What Cyber-Operations Will Be Protected?

Are we going to try to protect all of the cyber-operations of these PSCI entities? That is a very wide field of dreams, covering email, payroll, personnel administration, security, and operations. On one hand, the one thing that differentiates PSCI from other private sector entities is typically the output of their operations. The federal government’s interest is in ensuring the continued output of the critical operations (CO) of PSCI so the intent of the legislation is to protect those CO of PSCI from disruption by foreign adversaries. To be sure CO of PSCI protection may necessitate providing protections against disruption of other cyber-operations of PSCI or at least mitigating the effect of those other disruptions on the CO.

Congressional Oversight Impact

So, a critical portion of the any legislative action will be how to identify what facilities in the United States will be affected by the legislation. The problem here is that different sorts of critical infrastructure are regulated by different portions of the federal government. Even when considering security, the different executive departments did not surrender their oversight to the Department of Homeland Security.

Even if new legislation did give CISA authority to regulate cybersecurity at PSCI, there would still be the problem of congressional oversight to deal with. We have specifically seen this with the CFATS program legislation. While there is frequently disagreement between the House and Senate on legislative matters, the larger stumbling block for CFATS legislation has been the conflict between the House Homeland Security Committee and the Energy and Commerce Committee. This has more to do with the different foci of the two Committees than inter-party conflict we typically seen in House-Senate relations. The internecine conflict between House committees would be intense in any PSCI cyber-legislative effort.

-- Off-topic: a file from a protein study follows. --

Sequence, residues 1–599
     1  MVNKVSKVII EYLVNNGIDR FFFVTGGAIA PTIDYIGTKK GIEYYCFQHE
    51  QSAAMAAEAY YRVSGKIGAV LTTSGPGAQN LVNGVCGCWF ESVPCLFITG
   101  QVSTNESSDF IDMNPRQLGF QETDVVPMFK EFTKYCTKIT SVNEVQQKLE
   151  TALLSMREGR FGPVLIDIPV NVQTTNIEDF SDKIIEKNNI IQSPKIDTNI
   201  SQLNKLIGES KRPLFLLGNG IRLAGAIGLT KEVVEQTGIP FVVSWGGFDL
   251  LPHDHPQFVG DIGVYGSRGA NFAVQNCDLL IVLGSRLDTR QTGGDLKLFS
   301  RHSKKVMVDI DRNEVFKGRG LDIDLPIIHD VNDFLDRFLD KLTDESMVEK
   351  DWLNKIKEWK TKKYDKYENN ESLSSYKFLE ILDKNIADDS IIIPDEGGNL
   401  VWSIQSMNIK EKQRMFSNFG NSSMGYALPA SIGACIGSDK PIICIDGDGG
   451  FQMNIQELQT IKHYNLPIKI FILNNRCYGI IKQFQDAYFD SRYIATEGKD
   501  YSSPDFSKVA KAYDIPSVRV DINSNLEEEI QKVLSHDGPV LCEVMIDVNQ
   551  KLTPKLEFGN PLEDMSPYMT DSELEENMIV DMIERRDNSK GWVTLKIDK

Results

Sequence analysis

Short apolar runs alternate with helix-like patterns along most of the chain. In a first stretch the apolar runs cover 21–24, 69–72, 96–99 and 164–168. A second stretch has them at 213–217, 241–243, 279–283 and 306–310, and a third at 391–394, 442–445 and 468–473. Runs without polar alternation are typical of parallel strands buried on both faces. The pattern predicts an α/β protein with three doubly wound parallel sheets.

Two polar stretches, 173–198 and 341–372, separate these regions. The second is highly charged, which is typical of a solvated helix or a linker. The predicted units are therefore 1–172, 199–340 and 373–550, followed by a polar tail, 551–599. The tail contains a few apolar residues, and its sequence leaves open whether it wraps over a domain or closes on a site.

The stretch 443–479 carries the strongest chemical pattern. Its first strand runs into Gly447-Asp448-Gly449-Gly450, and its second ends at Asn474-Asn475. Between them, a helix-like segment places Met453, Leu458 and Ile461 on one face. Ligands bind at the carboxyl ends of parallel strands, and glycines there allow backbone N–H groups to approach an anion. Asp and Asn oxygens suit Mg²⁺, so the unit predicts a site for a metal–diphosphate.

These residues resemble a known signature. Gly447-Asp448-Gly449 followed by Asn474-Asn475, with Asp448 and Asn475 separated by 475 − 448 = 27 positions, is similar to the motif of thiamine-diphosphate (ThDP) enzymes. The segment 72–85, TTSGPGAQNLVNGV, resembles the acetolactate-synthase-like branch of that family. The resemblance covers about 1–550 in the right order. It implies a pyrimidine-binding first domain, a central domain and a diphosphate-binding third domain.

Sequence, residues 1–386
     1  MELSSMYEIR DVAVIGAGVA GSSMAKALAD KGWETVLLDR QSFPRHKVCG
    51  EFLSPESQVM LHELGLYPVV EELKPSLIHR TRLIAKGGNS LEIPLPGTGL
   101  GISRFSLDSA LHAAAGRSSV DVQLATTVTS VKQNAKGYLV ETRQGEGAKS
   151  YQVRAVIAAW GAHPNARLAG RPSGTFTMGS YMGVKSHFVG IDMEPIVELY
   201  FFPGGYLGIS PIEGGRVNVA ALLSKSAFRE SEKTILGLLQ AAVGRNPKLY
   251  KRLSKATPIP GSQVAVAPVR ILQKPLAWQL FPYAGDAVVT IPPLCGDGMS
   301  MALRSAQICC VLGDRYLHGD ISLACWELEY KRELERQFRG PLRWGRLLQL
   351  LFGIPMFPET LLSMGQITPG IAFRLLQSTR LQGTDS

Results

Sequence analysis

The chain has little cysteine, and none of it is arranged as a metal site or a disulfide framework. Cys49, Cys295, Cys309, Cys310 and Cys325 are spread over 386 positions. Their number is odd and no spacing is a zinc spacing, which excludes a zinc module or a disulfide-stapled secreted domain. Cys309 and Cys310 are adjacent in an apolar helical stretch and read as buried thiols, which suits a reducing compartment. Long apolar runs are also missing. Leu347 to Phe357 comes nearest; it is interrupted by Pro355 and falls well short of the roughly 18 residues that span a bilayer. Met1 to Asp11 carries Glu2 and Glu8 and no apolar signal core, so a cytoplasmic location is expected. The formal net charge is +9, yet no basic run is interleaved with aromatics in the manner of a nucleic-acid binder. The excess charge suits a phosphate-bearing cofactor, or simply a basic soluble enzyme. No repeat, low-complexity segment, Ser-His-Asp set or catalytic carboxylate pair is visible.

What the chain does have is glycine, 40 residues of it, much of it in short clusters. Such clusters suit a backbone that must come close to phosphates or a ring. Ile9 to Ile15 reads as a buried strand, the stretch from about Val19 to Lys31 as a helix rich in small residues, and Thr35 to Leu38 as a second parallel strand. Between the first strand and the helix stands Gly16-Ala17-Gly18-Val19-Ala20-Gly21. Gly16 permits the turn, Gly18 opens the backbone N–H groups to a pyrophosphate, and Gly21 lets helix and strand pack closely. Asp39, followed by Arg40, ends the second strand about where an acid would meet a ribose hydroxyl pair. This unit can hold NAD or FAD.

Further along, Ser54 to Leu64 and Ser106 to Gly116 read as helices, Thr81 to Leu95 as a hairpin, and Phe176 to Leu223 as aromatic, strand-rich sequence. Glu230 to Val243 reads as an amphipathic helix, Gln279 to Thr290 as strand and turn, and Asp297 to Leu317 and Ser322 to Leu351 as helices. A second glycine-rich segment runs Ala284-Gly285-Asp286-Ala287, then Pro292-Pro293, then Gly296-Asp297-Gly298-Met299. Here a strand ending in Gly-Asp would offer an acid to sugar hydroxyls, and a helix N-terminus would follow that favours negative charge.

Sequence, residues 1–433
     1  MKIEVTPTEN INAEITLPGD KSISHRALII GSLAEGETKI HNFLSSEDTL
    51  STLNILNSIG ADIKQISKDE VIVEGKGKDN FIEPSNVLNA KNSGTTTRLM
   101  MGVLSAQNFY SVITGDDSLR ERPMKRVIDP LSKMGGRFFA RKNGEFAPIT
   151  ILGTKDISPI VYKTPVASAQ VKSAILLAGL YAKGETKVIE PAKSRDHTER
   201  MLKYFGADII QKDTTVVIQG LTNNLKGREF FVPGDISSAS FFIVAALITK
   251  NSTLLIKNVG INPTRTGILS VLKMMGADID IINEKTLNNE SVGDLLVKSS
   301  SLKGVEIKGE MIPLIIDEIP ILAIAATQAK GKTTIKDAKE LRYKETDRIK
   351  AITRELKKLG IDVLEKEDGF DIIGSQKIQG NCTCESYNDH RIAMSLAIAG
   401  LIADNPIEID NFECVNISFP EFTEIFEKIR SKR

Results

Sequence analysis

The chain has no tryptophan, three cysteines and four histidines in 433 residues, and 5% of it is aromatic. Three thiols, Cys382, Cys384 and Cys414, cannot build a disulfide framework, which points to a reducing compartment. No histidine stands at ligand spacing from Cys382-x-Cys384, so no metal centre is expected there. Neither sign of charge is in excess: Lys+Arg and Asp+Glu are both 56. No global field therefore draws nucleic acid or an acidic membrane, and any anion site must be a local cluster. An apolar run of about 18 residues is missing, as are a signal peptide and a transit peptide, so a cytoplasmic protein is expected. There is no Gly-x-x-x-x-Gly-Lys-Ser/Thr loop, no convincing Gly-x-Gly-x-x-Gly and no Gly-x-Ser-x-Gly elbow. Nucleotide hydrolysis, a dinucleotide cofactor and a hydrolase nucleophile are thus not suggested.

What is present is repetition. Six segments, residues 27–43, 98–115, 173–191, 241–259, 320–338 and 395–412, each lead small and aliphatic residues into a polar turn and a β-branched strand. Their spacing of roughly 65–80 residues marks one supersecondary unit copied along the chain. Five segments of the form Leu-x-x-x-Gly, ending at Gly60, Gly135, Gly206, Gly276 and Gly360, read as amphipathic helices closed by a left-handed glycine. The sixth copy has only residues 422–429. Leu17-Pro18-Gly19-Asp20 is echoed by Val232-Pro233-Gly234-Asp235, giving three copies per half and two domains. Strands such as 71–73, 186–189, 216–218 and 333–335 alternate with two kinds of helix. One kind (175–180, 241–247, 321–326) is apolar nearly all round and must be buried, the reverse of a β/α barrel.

The National Infrastructure Protection Plan (NIPP) provides a methodology to overcome the problems identified above. The federal government has already designated which executive departments are responsible for the oversight of security at the 16 different critical infrastructure sectors; these are designated as Sector Specific Agencies (SSA). Thus, our cybersecurity legislation does not need to identify who will be responsible for regulating which sectors, it can simply rely on the oversight designations that already exist.

Identifying Operations to be Protected

With these political considerations and the inevitable push-back by industry against any new regulations, defining what cyber-operations would be covered in different industries would be difficult. The general definition though, should be easier. We would only have a federal interest in regulating those cyber-operations that have a direct impact on the entities capability of providing the critical output for which receive the critical infrastructure definition. While protecting other cyberoperations might be beneficial, the federal interest in ensuring critical output should limit the application of federal influence to just those operations.

Legislation would each SSA to establish by regulations criteria for identifying PSCI entities that require cybersecurity oversight to protect national security and national preparedness. The intent would not be a broad definition to encompass as many facilities as possible, but rather to limit the identification of facilities to those that are the most critical to the economy or national security of the United States. The reason for this limitation is that the government agencies responsible for the oversight have only limited resources for ensuring that the resulting cybersecurity regulations are followed by the identified agencies.

And make no mistake about it, enforcement of cybersecurity regulations will be necessary. We need look no further than the various OSHA and EPA safety regulations to see that without effective enforcement many facilities are going to only have paperwork, check-the-box, cybersecurity programs. Even with the facilities that are going to make an  honest effort to comply with the regulations, the lack of facility cybersecurity expertise will limit the effectiveness of those efforts.

In Part 2, I will look at the philosophy of how to regulate that should drive cybersecurity legislation.